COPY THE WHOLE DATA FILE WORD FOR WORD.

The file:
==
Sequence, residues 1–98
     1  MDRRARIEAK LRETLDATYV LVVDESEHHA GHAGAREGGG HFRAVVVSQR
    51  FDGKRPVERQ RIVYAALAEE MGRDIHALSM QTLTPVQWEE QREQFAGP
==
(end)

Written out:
Sequence, residues 1–98
     1  MDRRARIEAK LRETLDATYV LVVDESEHHA GHAGAREGGG HFRAVVVSQR
    51  FDGKRPVERQ RIVYAALAEE MGRDIHALSM QTLTPVQWEE QREQFAGP